Pier and Beam Foundations: Pros, Cons, and Considerations
Oct 19, 2020
If you’ve seen a house on stilts, you are familiar with the basic concept of a pier-and-beam foundation, one of the five types of house foundations common in the United States. While the image that may come to mind is a house on ten-foot high stilts above wetlands in South Carolina or Louisiana, many houses in, say, the suburban Dallas Fort Worth area, follow the same basic model. With them, however, the stilt—or pile or post—is only a few feet tall and is not visible from the street, either hidden by the house’s siding or soil and plants.
A typical pier-and-beam foundation includes three main elements: concrete piers, which anchor the house foundation to the ground; posts or piles, which run between the piers and horizontal beams; and wooden beams, which support the weight of the house. The different components of the foundation help explain why this type of foundation goes by a variety of different names: Pier and beam, pier and post, pier and pile, post and beam (or posts and beams) are all synonyms for the same foundational structure.
Pier-and-beam houses used to be the norm in certain parts of the country until they were replaced by concrete slabs in the 1950s and 60s. Anyone who has ever tried to buy a home in Texas will come across many older houses with this type of foundation. Even though their popularity has diminished, there are still some sites where they may be the best foundation choice, specifically in areas prone to flooding and where soils are prone to shifting—which can cause cracks in concrete slabs (and the need to call a foundation repair contractor).
Pros and Cons of Pier-and-Beam Foundations
If you are in a climate region with harsh winters, where basement foundations are prevalent because home foundations must be placed below the frost line—such as the Midwest, Mid-Atlantic and Northeast—you won’t be considering a pier-and-beam foundation.
Most of the time, if a pier-and-beam foundation is one option on the table, the other alternative will be a concrete slab.
Advantages of Pier-and-Beam Foundations
The advantages of pier-and-beam foundations often come down to cost, flood protection, and flexibility.
- Protection from flooding. Since the house is elevated above the ground, sitting atop posts, it will be protected from flooding.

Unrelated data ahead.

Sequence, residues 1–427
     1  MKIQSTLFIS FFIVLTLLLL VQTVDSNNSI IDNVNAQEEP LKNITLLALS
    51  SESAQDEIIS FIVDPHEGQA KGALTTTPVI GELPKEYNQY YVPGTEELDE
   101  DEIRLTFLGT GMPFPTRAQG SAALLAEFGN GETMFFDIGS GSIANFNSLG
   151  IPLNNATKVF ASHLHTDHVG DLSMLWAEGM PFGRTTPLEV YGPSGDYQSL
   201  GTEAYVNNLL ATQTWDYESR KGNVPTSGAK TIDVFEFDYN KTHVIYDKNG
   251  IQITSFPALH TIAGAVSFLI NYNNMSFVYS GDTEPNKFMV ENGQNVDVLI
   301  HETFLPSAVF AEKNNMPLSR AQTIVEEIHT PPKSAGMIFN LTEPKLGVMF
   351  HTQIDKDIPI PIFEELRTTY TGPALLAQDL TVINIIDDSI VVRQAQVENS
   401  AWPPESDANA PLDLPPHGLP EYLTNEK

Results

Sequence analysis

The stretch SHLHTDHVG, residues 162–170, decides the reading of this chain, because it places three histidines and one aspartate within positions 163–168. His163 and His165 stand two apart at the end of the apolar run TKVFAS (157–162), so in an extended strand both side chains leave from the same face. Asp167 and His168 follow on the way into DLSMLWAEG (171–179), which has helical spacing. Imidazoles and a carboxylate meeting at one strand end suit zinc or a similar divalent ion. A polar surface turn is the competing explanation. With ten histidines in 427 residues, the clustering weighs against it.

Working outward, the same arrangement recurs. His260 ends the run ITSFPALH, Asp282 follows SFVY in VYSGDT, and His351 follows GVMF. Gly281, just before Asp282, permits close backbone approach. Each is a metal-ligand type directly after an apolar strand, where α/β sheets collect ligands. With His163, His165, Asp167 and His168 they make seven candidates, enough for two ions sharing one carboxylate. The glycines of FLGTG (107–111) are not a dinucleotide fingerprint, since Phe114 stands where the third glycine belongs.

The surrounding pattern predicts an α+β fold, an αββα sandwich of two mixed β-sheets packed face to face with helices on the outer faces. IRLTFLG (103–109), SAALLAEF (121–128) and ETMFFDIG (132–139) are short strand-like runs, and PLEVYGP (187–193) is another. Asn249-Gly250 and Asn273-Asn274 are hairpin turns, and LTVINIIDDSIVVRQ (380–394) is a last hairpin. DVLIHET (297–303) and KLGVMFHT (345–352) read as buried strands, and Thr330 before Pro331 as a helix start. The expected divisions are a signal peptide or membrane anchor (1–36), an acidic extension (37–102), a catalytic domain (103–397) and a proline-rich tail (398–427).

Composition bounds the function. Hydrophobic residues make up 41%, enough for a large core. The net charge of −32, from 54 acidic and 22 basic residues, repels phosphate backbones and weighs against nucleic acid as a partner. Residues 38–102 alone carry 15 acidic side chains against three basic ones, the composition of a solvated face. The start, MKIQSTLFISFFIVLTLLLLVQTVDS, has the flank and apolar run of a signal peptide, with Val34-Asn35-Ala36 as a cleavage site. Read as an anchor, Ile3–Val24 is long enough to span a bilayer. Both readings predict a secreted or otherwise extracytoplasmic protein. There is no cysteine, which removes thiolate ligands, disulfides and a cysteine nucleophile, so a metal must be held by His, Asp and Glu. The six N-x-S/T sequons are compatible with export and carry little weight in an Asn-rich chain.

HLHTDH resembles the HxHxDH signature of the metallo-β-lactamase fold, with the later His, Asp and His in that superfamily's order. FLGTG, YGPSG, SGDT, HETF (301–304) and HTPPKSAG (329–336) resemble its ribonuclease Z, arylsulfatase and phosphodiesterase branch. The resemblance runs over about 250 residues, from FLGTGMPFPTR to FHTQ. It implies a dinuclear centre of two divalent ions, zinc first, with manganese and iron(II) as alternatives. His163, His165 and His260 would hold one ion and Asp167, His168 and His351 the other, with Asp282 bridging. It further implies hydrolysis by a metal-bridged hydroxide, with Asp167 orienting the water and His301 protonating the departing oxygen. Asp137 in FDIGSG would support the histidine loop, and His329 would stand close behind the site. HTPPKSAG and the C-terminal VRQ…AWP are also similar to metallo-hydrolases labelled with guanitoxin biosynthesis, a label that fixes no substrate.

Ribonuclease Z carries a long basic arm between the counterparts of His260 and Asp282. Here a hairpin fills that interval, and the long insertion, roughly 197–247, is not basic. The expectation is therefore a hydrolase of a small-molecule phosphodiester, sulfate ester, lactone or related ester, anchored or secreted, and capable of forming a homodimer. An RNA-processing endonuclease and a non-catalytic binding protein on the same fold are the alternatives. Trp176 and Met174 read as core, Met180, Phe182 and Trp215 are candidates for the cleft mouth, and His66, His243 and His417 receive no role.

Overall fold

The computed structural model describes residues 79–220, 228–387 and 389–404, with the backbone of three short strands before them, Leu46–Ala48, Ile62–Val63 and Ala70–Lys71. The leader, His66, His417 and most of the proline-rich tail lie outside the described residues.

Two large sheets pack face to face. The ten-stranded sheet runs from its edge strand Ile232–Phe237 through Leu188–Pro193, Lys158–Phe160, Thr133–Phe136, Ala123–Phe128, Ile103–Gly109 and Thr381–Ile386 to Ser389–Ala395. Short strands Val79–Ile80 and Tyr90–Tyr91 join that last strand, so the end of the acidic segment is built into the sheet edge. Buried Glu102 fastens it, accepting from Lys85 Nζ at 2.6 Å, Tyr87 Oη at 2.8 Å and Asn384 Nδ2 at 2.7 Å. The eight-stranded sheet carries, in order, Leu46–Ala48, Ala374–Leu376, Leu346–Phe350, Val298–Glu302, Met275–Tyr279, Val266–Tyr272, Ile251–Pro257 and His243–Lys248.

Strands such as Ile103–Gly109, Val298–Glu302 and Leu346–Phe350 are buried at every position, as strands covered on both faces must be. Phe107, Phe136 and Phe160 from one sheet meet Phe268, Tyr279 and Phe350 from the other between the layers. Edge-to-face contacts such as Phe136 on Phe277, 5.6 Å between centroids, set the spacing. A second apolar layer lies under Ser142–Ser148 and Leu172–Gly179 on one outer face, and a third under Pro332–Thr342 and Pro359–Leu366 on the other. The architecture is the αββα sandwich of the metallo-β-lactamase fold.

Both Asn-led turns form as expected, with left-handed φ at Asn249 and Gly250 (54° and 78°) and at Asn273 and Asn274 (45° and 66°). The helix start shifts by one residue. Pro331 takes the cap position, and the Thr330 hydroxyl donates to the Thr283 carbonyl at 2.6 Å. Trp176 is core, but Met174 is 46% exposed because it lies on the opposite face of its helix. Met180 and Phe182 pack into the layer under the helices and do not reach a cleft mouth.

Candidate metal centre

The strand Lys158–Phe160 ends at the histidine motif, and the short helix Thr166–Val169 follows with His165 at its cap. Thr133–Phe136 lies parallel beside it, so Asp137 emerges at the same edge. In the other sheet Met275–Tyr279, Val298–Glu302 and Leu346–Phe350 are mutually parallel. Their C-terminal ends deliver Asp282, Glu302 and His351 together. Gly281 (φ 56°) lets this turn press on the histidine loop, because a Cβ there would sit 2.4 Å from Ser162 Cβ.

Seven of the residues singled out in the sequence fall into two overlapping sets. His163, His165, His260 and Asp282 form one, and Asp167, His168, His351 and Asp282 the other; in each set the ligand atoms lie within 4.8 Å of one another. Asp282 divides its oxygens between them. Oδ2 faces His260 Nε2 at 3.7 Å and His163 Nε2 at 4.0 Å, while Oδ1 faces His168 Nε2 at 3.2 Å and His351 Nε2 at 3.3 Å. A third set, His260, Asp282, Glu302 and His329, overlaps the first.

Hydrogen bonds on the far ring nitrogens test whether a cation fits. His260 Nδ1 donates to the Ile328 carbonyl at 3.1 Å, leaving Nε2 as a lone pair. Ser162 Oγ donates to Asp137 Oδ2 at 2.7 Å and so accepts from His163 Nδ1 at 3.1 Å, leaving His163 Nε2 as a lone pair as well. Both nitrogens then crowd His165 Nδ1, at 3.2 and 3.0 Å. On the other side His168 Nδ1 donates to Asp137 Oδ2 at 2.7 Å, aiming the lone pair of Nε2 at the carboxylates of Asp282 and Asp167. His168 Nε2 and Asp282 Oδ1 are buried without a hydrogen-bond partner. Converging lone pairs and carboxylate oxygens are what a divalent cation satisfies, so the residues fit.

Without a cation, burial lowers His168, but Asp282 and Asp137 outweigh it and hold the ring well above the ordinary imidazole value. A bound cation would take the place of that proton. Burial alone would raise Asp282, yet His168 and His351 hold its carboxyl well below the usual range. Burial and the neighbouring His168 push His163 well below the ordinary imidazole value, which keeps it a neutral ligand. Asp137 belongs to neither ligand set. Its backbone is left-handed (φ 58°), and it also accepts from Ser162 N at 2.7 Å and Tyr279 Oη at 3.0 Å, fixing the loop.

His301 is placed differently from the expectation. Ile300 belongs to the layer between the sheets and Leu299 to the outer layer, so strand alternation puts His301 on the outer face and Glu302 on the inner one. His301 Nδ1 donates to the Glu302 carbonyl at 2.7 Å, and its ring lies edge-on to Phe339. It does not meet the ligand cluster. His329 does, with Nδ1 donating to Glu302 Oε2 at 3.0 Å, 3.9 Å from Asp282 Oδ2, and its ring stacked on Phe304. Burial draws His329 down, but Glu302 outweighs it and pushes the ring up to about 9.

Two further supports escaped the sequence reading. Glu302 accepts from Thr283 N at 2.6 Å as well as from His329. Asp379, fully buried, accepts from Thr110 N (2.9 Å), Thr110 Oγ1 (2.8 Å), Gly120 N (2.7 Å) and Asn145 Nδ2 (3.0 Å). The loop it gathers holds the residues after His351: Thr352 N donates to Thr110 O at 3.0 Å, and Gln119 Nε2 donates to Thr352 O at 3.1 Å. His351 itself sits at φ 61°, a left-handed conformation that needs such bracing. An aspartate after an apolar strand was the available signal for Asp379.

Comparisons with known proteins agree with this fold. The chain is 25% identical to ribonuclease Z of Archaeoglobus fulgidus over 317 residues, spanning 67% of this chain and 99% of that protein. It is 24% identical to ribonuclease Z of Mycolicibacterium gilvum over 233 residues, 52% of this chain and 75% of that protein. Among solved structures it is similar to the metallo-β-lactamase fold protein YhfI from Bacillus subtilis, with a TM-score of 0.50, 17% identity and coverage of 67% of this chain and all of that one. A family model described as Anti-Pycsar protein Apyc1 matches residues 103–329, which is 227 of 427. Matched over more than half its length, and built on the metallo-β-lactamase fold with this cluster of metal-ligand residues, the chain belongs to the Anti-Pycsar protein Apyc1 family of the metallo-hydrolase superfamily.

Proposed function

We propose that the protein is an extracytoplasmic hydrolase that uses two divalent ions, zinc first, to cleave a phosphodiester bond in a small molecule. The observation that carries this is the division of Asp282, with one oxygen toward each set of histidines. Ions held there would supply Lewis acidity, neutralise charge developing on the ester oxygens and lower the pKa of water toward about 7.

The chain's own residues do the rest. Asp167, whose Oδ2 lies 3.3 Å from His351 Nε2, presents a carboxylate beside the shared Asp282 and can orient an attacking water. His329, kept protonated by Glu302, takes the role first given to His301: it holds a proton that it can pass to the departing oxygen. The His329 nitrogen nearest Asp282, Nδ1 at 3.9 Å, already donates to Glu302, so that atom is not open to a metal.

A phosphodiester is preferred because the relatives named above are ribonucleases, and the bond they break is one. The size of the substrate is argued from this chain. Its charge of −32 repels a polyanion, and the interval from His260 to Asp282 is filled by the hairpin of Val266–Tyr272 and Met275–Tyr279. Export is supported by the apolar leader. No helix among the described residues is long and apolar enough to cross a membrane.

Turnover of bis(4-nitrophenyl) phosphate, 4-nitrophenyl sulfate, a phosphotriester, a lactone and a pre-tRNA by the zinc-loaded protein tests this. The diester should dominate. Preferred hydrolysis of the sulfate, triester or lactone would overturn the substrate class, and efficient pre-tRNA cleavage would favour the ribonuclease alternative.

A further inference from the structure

- Access to pipes and wiring. With a concrete slab, among the foundation problems is that the electrical and plumbing components are set into the concrete. A pier-and-beam foundation, on the other hand, has a crawl space that makes access easy for repairs and modifications.
- Repairs. Depending on the nature of the damage, pier-and-beam foundation repair costs may be less than with concrete slabs, as it is often easier to isolate one portion of the foundation that needs to be replaced.
- Flexibility for uneven sites. If you are building on a slope, a concrete slab will present foundation issues compared to a pier-and-beam one which is better suited to uneven sites.
- Excavation costs are less. This is true not so much compared to concrete slabs, but the excavation costs will be dramatically less with a pier-and-beam foundation compared to a full-basement foundation.
- Mobility. If it is ever necessary, homes on pier-and-beam foundations can be moved more easily than those on concrete slabs.
Disadvantages of Pier-and-Beam Foundations
Most of the downsides related to pier-and-beam foundations are related to the crawl spaces that come along with this home foundation type.
- Infestations. Crawl spaces can be appealing to insects and other animals. This problem can be controlled in large part, however, by installing screens over any openings.
- Dampness. Another downside of crawl spaces is their tendency to become damp, and depending on the site, it may be necessary to take steps to drain any water away from the foundation.
- Heating expenses. During winter months, when colder air enters the crawl space, the entire house will be cooled. Subflooring can reduce this problem somewhat.
- Earthquake considerations. In areas prone to earthquakes, bolting or anchoring the beams to the posts and the posts to the foundation piers is recommended as houses can shift off of their foundations—a situation that will be costly to repair even by the most capable foundation repair company. If earthquakes are a consideration, stem wall foundations are the typical choice.
MT Copeland offers video-based online classes that give you a foundation in construction fundamentals with real-world applications. Classes include professionally produced videos taught by practicing craftspeople, and supplementary downloads like quizzes, blueprints, and other materials to help you master the skills.